The contents page photo is eye-catching of a house on a river. Content page two had a recipe for Sweet Ricotta Pudding with Roasted Grapes, looks way good and quite simple; I’ve folded the edge over to remember the page.
Ooh no, not Ms Perky, the Regis Philbin sidekick, who is promoting the heck out of Electrolux appliance. I doubt she ever touches a sauté pan in real life.
Still on table of contents page 3 and they are featuring the new Gourmet Test Kitchen videos (here’s the link http://www.gourmet.com/food/testkitchen).
There’s a picture of Emeril promoting his pots and pans. I can’t remember where I read a story recently where someone tested all the celeb pots and pans - Emeril’s came out favorably.
Okay, I’m at the Letters and You Asked for It Column. Someone wanted a recipe for sweet-and-sour crab salad. As I look at it the dressing is unseasoned rice wine vinegar, sugar, garlic and chili pepper flakes. They call for crab legs, cabbage, cucumbers and fresh herbs…didn’t bother to turn down the corner of the page.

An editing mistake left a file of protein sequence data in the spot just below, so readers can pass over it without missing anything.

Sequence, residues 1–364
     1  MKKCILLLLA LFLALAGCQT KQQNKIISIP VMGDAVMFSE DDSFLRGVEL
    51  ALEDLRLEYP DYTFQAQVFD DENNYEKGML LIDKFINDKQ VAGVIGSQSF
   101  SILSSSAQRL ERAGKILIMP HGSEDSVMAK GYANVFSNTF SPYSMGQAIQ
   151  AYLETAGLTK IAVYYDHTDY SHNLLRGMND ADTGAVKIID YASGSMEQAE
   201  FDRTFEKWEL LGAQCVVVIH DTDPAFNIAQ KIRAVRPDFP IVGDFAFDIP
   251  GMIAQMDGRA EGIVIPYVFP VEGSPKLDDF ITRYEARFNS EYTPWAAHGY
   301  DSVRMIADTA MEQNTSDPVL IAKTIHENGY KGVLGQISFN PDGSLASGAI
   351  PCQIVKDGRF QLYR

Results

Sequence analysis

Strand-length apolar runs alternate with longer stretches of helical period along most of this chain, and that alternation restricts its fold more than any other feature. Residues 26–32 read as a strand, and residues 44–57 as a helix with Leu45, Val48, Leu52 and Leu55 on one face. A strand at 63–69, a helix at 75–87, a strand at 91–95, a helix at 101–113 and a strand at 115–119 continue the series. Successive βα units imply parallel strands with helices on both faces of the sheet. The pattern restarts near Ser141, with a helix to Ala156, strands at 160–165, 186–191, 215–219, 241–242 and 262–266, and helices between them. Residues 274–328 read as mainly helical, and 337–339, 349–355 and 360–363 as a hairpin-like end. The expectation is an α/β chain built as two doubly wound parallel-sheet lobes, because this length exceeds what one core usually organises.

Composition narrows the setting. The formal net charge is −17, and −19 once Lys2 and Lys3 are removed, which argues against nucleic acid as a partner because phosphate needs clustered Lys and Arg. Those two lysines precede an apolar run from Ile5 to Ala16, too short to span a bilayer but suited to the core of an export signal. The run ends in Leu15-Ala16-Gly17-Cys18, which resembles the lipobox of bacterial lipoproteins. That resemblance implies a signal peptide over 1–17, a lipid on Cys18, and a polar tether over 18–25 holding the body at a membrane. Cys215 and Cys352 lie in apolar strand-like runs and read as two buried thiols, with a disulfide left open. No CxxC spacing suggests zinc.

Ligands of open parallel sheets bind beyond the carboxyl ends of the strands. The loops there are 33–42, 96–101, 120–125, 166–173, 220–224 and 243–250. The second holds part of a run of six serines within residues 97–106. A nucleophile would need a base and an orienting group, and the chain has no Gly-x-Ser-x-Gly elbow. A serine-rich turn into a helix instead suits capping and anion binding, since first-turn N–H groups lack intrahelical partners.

Ooooh, ooh – yummy photo of a burger with a poached egg, beets and slice pineapple….have to skip to page 36 to read the recipe. It is called an Aussie Berger. I have folded the corner down on this. The salami sandwich isn’t cutting it now.
A blurb on the New classic duck fat fries. I wonder what they would be like if fried in schmaltz (rendered chicken fat)?
Skipping the review of a restaurant in LA – won’t be in LA anytime soon unless I do a stage (pronounced staw aage) internship with a food styling company. Jan and Michael Stern’s review in the Roadfood column I will read that another day. More restaurant listing for LA, Culver City….pass.